Palazzo Pitti is another tourist main attraction stop you cannot miss while visiting Florence, it’s a massive palace owned over the centuries by very influential and powerful men in History. The construction of the building was commissioned in 1458 by the Florentine banker Luca Pitti,  friend of Cosimo de’ Medici. The building was sold in 1549 by Buonaccorso Pitti, a descendant of Luca Pitti, to Eleonora di Toledo, wife of Cosimo I dei Medici.

Palazzo Pitti in Florence

On moving into the palace, Cosimo had Vasari enlarge the structure to fit his more needs of space…; the palace was more than doubled by the addition of a new block along the rear. Vasari also built the Vasari Corridor, an above-ground walkway from Cosimo’s old palace and the seat of government, the Palazzo Vecchio, through the Uffizi, above the Ponte Vecchio to the Palazzo Pitti.

Palazzo Pitti in Florence - Inside Detail

The palazzo remained the principal Medici residence until the last male Medici heir died in 1737. the Medici dynasty became extinct and the palazzo passed to the new Grand Dukes of Tuscany, the Austrian House of Lorraine, in the person of Francis I the Austrian tenancy was briefly interrupted by Napoleon, who used the palazzo during his period of control over Italy. When Tuscany passed from the House of Lorraine to the House of Savoy in 1860, the Palazzo Pitti was included. After the Risorgimento, when Florence was briefly the capital of the Kingdom of Italy, Victor Emmanuel II resided in the Palazzo until 1871.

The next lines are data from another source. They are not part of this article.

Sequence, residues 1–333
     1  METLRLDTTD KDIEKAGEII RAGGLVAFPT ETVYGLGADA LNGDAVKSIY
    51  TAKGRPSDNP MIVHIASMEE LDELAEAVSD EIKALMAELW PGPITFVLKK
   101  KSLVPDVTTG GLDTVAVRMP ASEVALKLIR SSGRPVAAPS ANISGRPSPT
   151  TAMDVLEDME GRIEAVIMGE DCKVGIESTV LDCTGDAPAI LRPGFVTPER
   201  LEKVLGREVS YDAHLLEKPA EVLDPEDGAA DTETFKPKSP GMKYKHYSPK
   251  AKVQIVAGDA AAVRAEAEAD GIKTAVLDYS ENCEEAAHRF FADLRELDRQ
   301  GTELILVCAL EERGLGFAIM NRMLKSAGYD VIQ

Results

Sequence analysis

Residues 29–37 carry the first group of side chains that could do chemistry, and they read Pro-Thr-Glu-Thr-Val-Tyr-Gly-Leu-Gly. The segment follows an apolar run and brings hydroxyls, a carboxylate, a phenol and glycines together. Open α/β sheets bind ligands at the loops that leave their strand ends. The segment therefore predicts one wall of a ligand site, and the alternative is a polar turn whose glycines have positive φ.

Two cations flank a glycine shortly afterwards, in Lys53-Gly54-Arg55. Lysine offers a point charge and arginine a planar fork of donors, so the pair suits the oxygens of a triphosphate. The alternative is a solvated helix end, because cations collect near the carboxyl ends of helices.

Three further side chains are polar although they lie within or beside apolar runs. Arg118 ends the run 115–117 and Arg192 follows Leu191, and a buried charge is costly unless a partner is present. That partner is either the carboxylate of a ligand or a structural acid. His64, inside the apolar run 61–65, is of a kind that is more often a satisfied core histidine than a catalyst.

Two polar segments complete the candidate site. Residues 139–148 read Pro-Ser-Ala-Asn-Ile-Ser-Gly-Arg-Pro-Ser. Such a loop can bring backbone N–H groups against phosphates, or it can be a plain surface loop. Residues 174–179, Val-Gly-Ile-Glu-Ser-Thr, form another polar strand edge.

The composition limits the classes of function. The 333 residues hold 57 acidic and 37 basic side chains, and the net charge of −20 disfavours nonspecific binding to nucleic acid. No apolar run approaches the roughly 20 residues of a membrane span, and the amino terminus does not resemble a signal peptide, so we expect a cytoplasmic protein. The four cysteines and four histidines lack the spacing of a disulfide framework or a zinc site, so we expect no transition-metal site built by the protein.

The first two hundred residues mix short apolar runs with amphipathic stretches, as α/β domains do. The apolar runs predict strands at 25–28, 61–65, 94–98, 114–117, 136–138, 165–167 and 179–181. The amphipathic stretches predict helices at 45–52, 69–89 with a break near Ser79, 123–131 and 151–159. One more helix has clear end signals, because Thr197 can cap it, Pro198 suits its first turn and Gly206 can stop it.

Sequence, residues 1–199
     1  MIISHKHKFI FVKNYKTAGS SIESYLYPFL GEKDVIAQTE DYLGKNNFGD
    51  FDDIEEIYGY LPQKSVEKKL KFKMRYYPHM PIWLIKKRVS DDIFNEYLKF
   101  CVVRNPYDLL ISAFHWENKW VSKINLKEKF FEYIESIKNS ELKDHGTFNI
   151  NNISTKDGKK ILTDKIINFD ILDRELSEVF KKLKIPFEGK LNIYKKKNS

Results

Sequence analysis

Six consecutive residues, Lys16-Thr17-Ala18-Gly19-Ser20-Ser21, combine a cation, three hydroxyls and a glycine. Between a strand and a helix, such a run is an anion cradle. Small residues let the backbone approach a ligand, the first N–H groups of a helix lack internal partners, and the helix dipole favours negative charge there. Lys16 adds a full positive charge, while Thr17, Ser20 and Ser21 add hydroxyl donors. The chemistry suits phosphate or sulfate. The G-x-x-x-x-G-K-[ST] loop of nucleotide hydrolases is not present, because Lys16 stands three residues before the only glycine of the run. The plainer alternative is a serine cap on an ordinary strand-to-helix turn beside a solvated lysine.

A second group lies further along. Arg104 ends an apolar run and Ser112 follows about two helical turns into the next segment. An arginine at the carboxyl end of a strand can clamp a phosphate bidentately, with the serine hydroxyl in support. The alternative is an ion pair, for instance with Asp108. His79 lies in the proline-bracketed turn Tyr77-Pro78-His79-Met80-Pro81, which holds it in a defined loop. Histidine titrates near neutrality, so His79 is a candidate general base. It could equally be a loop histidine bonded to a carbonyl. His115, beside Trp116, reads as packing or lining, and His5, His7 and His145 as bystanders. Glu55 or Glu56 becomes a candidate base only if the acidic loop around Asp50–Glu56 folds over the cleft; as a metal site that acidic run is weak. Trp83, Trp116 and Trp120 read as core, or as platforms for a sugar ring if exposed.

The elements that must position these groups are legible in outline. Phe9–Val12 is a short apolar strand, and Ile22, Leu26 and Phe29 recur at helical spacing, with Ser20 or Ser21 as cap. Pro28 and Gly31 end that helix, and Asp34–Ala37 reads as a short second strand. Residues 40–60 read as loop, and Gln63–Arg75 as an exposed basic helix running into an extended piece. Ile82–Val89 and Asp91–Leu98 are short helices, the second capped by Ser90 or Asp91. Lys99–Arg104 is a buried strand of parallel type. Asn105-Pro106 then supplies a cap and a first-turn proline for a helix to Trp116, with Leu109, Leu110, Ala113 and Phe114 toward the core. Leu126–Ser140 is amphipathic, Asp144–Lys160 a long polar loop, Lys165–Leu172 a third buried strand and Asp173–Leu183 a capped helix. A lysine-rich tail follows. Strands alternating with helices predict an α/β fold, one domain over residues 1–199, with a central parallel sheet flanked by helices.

Things to see in Palazzo Pitti

The Palazzo is now the largest museum complex in Florence with over 32,000 square meters divided into several principal galleries and inner museums.

  • The Palatine Gallery is on the first floor of the piano nobile and contains a large collection of over 500 Renaissance paintings, once part of the Medicis’ and their successors’ private art collection. It contains works by Raphael, Titian, Perugino, Correggio, Peter Paul Rubens, and Pietro da Cortona.
  • The Royal Apartments consist of 14 rooms, formerly used by the Medici family, and lived in by their successors. They contain a collection of Medici portraits, many of them by the artist Giusto Sustermans.
  • Gallery of Modern Arts The gallery was intended to hold those art works which were prize-winners in the academy’s competitions. The Palazzo Pitti was being redecorated on a grand scale at this time and the new works of art were being collected to adorn the newly decorated salons.
  • The Silver Museum, sometimes called “The Medici Treasury”, contains a collection of priceless silver  from the collection of Lorenzo de’ Medici.
  • The Costume Gallery contains a collection of theatrical costumes dating from the 16th century until the present detailing the history of Italian fashions. The gallery displays garments worn between the 18th century and the present days some of the exhibits are unique to the Palazzo Pitti including the 16th-century funeral clothes of Grand Duke Cosimo I de’ Medici, and Eleonora of Toledo and her son Garzia, both of whom died of malaria.


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